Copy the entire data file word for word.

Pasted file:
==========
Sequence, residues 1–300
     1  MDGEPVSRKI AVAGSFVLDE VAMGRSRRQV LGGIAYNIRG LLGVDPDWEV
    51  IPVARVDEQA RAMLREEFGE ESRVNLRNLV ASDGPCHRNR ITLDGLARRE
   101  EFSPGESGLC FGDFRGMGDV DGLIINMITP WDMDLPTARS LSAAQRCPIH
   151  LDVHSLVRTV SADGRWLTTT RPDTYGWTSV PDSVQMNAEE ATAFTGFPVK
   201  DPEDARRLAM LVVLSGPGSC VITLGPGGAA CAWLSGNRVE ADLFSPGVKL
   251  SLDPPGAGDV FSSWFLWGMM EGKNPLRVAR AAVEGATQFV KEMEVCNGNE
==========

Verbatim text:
Sequence, residues 1–300
     1  MDGEPVSRKI AVAGSFVLDE VAMGRSRRQV LGGIAYNIRG LLGVDPDWEV
    51  IPVARVDEQA RAMLREEFGE ESRVNLRNLV ASDGPCHRNR ITLDGLARRE
   101  EFSPGESGLC FGDFRGMGDV DGLIINMITP WDMDLPTARS LSAAQRCPIH
   151  LDVHSLVRTV SADGRWLTTT RPDTYGWTSV PDSVQMNAEE ATAFTGFPVK
   201  DPEDARRLAM LVVLSGPGSC VITLGPGGAA CAWLSGNRVE ADLFSPGVKL
   251  SLDPPGAGDV FSSWFLWGMM EGKNPLRVAR AAVEGATQFV KEMEVCNGNE